Tuesday

19th Jun 2018

EU-Africa summit on youth met with scepticism

  • Juncker (r) 'It has been said the Europeans have been giving lessons to the Africans. I think this is a past era.' (Photo: EU Africa)

European and African leaders at a summit in the Ivory Coast have pledged to help youth find work and repatriate some 3,800 migrants stuck in a Libyan detention camp.

But youth groups and civil society say the summit was a missed opportunity as issues of migration and private investments appeared to take centre stage.

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Asked why people should expect leaders to honour their commitments on youth employment given past disappointments, Guinea's president Alpha Conde on Thursday (30 November) said Africa was no longer divided.

"The difference is that Africa was not speaking with one voice and was not acting together. Today we are united," he said.

He said the plan is to have Africa replace China as the "factory of the world".

Around 60 percent of the African population is under 25. With the population set to double by 2050, EU leaders are hoping to trigger a renewed relationship with the continent as part of a broader effort to keep people from taking boats to Italy and Europe.

Young people denied speaking time

The two-day summit, which ended on Thursday in Abidjan, was billed to focus on youth but the issue appeared to have been broadly sidelined.

In a tweet on Thursday, the German youth advocacy group Deutsche Stiftung Weltbevoelkerung (DSW), which was scheduled to talk at the summit, said young people were simply not heard.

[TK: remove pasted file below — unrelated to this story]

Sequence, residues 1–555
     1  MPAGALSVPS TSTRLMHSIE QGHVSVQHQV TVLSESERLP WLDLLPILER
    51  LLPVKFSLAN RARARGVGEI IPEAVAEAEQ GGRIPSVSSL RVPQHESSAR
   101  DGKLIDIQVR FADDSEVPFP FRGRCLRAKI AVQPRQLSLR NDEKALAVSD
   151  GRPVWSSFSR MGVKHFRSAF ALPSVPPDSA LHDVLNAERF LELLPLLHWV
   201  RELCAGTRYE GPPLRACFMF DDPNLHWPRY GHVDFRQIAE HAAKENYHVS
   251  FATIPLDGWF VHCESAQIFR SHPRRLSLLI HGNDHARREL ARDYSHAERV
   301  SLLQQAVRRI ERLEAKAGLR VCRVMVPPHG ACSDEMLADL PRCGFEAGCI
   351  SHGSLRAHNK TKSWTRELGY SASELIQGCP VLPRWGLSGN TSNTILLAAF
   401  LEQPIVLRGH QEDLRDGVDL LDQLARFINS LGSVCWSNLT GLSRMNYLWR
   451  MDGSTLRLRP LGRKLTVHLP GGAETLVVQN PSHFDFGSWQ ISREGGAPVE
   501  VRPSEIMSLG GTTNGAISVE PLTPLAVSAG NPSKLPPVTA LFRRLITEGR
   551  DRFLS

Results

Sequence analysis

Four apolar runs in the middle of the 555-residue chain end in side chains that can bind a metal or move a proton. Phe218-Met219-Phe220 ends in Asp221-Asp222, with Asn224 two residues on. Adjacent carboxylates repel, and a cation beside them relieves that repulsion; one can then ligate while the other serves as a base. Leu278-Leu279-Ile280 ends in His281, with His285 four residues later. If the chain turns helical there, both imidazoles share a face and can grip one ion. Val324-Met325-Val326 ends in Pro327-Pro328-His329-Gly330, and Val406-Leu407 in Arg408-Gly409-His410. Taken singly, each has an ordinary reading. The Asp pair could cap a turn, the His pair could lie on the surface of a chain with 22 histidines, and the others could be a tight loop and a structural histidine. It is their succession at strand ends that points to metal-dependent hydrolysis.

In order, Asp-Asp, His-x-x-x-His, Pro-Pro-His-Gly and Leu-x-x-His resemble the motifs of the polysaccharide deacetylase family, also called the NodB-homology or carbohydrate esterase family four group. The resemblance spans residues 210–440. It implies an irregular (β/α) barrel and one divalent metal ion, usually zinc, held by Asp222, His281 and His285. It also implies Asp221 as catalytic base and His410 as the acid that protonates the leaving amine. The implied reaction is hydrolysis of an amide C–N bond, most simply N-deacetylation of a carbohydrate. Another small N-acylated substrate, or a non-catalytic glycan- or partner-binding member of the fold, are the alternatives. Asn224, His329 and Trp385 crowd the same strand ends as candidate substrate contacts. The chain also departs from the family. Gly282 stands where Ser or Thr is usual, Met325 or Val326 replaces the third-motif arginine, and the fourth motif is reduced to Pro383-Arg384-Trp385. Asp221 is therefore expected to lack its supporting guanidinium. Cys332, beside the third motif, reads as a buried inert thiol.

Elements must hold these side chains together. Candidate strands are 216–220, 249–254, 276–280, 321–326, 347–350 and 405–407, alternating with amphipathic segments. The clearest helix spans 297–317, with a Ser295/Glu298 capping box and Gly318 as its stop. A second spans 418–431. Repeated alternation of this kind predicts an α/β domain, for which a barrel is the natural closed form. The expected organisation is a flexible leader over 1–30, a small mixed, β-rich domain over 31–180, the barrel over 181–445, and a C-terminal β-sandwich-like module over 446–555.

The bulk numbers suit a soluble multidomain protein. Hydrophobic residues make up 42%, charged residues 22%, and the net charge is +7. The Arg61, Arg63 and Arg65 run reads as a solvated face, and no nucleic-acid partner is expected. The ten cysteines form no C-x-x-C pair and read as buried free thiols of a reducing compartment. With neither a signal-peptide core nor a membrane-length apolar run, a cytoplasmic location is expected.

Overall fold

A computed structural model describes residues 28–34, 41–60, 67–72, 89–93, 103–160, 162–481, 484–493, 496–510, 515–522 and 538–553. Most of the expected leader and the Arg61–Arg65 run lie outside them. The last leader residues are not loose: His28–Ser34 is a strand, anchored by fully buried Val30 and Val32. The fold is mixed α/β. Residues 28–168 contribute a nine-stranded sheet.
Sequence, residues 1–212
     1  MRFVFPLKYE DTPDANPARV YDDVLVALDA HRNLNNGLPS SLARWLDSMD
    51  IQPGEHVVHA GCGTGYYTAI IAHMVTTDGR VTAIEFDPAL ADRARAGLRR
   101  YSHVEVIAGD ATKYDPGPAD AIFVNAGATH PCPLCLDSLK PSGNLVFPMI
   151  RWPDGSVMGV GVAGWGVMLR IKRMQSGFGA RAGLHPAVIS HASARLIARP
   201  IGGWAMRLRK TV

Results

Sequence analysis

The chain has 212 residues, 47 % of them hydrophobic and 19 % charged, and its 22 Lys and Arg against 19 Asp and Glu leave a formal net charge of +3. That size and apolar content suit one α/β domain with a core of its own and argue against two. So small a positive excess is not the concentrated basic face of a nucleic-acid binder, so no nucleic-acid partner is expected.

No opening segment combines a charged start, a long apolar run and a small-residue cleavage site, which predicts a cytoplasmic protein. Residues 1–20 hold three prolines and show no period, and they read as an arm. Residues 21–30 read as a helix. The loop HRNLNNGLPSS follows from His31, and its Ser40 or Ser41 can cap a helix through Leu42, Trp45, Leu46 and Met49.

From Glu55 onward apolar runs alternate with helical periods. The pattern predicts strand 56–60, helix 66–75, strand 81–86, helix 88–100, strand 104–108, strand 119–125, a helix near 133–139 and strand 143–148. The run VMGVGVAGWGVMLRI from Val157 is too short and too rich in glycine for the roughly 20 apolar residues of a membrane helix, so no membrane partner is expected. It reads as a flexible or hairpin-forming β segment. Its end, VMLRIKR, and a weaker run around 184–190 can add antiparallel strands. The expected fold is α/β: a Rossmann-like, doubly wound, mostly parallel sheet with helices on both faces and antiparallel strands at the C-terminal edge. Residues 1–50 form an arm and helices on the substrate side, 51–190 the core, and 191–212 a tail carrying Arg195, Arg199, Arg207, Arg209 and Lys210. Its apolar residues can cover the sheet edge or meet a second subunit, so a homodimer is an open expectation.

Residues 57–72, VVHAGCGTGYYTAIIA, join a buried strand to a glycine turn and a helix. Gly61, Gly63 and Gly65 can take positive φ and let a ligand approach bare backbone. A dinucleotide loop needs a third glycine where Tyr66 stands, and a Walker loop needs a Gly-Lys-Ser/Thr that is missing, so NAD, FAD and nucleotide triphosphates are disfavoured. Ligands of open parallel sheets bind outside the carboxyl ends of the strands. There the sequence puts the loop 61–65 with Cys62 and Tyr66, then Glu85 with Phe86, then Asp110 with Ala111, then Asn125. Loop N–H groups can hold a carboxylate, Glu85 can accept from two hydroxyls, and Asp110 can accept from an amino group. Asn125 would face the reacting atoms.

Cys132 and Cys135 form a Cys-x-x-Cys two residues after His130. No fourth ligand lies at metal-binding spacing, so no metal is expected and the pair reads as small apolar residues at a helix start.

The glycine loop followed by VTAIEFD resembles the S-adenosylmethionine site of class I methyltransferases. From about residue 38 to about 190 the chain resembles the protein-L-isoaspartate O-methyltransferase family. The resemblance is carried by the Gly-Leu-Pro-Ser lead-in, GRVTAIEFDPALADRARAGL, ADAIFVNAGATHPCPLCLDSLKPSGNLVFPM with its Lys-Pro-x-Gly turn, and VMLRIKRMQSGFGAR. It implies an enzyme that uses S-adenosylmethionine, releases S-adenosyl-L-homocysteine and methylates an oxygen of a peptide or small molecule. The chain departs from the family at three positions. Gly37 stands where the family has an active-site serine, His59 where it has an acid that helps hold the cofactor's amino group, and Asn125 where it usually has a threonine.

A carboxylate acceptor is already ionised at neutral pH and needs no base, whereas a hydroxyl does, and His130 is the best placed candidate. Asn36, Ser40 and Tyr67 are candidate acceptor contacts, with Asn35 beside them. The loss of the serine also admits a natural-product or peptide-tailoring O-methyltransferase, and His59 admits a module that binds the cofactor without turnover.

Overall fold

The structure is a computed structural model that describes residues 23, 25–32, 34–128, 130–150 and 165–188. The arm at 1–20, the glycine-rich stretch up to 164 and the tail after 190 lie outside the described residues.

"Having first been placed on the agenda, civil society (EU and African) and youth were then prevented from speaking - at a summit all about youth! It beggars belief," it tweeted.

A contact at DSW told EUobserver that civil society groups for young people were instructed of the ban around half an hour before their scheduled appearance on Thursday morning.

"They went all the way there, they were sitting in the seats with their speeches in hand, and it didn't happen," he said.

He said some of the African delegations did not want civil society groups to take the floor despite pressure from their EU counterparts.

"They were each supposed to be given two minutes," he said.

A half dozen civil society groups, in a joint-statement, said the surprise ban "makes a mockery the lofty rhetoric we have heard in Abidjan this week."

Global advocacy group ONE made similar criticisms.

"If this summit is a deception, it's a collective responsibility," said Friederike Roder, the ONE director for France, who was also present at the summit in Abidjan.

EU spins hope

This perception appears to have not been shared by the EU side.

Donald Tusk, the European Council president, told reporters that both African and European youth representatives had been heard at the summit, "which brought a new energy to our discussions".

European Commission president Jean-Claude Juncker said the EU plans to invest more in Africa and on an equal basis.

"The partnership between the African Union and the European Union is a partnership between equals," he said.

Juncker then repeated EU plans to shore up some €44 billion by 2020 from private investors for projects in Africa.

Moussa Faki Mahamat, the African Union Commission chair, said joint declarations had also been signed on youth and Libya.

But as of writing, neither declaration had been published. Mahamat instead spoke about Libya and the need to repatriate some 3,800 migrants from a detention camp.

"Together the European Union, the United Nations through the IOM, we have decided to set up a task force to act now, to at least repatriate the 3,800," he said.

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